How to overcome social desirability bias in your research?

Social Desirability Bias example image
  • Empathize with participants– Try to build a rapport to make participants as comfortable as possible. They may feel nervous in lab settings. Make it very clear that the data is anonymous and confidential.
  • Ask indirect questions — Instead of asking how the user feels about a feature, you can ask “How do you think an average user would interact with this feature?”. This way, they won’t feel the urge to appear as nice and friendly.
  • Give space to participants– Ask the researcher to turn away or leave the room when the participant fills out the automated or paper survey. So, the researcher does not see the post-test responses until after the participant has left.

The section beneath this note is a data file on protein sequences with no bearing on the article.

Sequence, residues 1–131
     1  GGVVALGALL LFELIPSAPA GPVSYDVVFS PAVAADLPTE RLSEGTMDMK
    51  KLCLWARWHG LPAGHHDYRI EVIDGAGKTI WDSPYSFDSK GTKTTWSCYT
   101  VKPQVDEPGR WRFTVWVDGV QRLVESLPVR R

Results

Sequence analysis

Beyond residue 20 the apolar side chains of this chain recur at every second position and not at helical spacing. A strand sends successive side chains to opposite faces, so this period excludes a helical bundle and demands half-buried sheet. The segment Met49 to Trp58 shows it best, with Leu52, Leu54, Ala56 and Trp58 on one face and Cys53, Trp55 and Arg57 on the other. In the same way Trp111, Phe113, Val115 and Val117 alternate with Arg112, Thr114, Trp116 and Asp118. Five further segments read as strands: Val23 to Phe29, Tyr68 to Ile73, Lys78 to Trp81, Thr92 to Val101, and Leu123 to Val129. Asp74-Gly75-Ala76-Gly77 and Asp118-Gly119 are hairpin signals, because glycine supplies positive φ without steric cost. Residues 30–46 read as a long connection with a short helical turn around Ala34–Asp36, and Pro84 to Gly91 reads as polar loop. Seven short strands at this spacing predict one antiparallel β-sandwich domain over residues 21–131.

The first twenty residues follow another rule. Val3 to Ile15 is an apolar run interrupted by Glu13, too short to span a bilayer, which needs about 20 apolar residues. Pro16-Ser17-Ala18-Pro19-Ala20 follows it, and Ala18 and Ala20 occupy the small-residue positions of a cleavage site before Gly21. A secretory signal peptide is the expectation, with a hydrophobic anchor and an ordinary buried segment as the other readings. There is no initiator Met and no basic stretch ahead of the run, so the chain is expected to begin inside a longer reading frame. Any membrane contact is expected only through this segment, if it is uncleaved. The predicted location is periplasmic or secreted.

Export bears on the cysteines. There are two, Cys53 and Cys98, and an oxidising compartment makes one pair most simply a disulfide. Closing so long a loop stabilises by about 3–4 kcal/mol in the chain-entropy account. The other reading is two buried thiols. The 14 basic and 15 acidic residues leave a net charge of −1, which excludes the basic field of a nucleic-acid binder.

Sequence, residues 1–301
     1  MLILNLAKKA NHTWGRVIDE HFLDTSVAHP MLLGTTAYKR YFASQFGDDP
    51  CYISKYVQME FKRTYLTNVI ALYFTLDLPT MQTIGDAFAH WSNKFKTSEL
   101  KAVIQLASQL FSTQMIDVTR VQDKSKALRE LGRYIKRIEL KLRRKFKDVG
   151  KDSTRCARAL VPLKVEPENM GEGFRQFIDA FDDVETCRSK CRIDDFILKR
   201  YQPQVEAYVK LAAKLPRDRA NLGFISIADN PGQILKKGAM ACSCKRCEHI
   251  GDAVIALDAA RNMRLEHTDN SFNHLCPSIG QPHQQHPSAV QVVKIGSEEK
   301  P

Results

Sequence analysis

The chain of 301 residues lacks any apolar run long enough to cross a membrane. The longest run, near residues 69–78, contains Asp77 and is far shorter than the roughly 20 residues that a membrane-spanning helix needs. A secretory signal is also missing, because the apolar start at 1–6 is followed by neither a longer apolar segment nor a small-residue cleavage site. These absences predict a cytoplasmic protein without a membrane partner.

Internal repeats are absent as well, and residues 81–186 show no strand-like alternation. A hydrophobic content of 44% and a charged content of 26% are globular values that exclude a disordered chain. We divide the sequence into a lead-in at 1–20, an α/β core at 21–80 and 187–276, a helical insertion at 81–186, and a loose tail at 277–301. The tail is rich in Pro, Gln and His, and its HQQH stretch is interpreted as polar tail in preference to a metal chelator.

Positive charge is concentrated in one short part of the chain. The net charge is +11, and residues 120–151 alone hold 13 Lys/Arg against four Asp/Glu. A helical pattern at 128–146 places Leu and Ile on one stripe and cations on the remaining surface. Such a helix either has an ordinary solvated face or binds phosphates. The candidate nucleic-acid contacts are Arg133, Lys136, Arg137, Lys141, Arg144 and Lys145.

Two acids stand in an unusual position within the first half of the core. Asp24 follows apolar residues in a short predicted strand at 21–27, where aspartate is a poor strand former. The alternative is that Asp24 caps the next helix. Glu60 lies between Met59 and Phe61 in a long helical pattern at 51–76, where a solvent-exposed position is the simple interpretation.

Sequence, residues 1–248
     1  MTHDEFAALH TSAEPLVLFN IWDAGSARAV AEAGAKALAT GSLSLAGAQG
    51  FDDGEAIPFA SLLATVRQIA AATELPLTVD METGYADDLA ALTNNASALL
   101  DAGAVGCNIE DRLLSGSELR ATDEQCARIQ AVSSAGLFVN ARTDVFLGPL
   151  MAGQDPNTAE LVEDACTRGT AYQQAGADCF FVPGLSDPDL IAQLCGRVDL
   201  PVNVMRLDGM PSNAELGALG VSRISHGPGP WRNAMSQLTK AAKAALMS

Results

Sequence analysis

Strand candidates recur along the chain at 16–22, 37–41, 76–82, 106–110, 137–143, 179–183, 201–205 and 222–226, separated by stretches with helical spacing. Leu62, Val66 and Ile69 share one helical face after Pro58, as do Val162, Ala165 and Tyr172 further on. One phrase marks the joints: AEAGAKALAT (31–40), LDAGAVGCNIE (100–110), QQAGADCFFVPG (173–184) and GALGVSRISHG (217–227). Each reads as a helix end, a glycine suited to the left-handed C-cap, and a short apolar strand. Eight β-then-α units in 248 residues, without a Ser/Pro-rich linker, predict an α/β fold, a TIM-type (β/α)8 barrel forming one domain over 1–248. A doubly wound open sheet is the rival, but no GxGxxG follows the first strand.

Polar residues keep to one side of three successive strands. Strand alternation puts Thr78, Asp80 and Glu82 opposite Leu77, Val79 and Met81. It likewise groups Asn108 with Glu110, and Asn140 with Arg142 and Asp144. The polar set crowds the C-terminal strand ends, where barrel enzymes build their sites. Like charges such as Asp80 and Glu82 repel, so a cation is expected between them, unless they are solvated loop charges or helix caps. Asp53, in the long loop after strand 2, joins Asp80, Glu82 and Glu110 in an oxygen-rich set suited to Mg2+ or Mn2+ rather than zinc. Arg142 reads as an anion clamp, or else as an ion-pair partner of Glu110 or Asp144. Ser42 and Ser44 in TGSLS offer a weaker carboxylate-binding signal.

• Anonymity- Making the anonymous survey may elicit an honest reaction. This can be achieved by assigning numbers to participants.
  • Take-home survey– Ask participants in a usability test to complete the post-test survey after they get back to their office or home. Ask them to acknowledge once they complete the surveys and then researchers can send the rewards. The only drawback is that researchers may have some dropoffs in surveys.
  • Follow-ups – Use conflicting questions as follow-ups to verify the legitimacy of the participant’s responses.

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Research Hub Launch Announcement | User Interviews

Research Hub Launch Announcement | User Interviews

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The Research Hub Story

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